3.3 Vehicle mass - 1500kg (3333.3lb). This is dry mass. The purpose of this limit is to see if this is a realistic target mass. Contrary findings, if rigorously supported, will be considered.

3.4 Terrain - Must have off - road clearance and capability and ability to negotiate roof terrain while maintaining speeds of at least 5 mph.

3.5 Logistics - Must be transportable via C-130 (Lockheed L-100) Hercules. This mandates a packed width of 9'-0" (2.7m), height of 8'-6" (2.6m) and length of no more than 24'-0" (7.3m). Means of folding, or use of inflatable systems may definitely be considered.

3.6 Crew - 2 crew members will be considered optimal. 3 crew members will be the maximum crew size allowable. This is a function of allowable mass and volume.

4.0 Deadlines / Schedule

Initiate formation of your teams as soon as possible. You should commence your work by conducting a detailed literature review. There have been numerous vehicle studies for the Moon, Mars and Terrestrial extreme environments. Try to review as much previous work as possible. Teams should be able to obtain much of this information on line and at University Libraries. Check data bases for the American Institute of Aeronautics and Astronautics (www.aiaa.org), Society of Automotive Engineers (www.sae.org), American Society of Civil Engineers (www.asce.org) and The Journal of the British Interplanetary Society. Rigorously search NASA technical data bases. All teams should obtain a copy of the Manned - Systems Integration Standards (NASA - STD - 3000). It can be ordered on line from Johnson Space Center, and is also available on line (it is free!). This is now the standard human factors "configuration control document".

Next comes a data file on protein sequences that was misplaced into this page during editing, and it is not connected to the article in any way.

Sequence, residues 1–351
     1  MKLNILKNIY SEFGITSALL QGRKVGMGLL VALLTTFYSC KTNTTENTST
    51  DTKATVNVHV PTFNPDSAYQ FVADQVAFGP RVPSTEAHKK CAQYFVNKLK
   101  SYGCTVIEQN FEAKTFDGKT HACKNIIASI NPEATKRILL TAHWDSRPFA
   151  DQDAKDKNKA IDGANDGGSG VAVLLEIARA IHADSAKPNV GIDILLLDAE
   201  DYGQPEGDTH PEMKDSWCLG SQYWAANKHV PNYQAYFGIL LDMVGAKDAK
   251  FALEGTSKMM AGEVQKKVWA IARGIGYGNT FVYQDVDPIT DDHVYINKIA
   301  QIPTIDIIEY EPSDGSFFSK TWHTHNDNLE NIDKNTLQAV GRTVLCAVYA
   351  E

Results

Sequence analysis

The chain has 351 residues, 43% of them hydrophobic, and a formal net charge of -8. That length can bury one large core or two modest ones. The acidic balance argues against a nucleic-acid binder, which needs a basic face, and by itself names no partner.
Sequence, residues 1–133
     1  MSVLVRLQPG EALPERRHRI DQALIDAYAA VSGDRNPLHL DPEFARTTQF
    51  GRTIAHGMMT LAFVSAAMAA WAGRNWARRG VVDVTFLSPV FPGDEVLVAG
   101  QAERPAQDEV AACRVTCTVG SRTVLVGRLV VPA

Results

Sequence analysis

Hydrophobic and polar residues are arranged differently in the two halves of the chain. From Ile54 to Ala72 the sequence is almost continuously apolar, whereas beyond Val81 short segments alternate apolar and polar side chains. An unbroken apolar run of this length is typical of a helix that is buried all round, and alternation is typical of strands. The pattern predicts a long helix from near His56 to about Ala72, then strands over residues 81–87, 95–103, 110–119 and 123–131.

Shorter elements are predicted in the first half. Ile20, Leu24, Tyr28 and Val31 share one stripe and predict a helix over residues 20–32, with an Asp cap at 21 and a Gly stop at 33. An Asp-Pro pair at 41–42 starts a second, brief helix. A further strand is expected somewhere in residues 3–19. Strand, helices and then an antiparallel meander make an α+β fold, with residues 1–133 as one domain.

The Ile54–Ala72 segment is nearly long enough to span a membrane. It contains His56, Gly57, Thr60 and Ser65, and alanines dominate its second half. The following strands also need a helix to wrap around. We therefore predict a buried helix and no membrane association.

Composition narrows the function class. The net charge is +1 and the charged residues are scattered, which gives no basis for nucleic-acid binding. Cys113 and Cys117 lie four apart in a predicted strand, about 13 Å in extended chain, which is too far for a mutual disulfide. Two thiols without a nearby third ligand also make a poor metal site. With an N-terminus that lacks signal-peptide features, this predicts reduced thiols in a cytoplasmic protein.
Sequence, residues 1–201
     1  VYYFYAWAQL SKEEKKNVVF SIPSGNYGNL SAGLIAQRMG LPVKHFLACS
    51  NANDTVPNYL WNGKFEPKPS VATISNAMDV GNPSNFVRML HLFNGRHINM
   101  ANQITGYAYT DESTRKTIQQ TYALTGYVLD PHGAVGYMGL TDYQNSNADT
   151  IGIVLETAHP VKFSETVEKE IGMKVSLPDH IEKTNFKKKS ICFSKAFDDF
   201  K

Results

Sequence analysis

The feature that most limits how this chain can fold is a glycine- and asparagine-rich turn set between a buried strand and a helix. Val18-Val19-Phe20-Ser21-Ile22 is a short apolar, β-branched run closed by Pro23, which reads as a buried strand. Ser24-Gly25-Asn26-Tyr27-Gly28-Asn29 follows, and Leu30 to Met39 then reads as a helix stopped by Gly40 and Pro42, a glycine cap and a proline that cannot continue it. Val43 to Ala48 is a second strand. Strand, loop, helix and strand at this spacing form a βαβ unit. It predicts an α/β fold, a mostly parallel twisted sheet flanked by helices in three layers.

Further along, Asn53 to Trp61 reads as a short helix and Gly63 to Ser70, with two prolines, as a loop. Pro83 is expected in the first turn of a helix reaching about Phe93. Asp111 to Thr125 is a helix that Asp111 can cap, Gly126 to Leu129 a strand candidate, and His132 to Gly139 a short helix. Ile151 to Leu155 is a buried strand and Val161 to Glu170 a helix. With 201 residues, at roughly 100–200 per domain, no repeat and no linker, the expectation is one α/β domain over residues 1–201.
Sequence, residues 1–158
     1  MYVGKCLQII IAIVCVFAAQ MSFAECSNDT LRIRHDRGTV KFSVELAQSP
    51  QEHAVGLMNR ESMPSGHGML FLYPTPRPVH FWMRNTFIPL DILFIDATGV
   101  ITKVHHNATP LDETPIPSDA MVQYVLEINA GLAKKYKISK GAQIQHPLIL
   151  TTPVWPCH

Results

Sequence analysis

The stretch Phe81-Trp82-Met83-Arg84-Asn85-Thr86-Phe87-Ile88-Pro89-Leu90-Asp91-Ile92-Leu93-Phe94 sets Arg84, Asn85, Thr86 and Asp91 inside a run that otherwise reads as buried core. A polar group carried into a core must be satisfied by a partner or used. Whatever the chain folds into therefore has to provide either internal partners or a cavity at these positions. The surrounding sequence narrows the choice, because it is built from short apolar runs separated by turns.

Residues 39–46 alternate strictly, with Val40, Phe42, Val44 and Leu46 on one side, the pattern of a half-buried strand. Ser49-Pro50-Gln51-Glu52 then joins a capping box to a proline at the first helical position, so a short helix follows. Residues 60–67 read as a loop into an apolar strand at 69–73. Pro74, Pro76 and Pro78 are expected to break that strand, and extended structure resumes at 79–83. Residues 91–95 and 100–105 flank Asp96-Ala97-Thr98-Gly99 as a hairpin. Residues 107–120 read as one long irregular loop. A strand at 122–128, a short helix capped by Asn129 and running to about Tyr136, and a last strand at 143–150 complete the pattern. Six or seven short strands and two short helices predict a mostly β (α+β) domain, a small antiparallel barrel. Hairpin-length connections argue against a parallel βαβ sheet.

After you arrive at a coherent design idea, prepare an outline based on this specification. It should be as brief as possible, but include diagrams and sketches if you have them. Submit it electronically to Tom Hill no later than 1700 MDT, 5 May 2000. I will acknowledge receipt and forward your outlines to peer reviewers who will provide comments by 1700 MDT 19 May 2000. You will then have 11 weeks to complete your paper / proposal for presentation at the Mars Society Conference in Toronto. At the conference, the winning proposals will be named. It will then be time to begin detailed design!

Of course, if you have additional questions, please contact Tom Hill.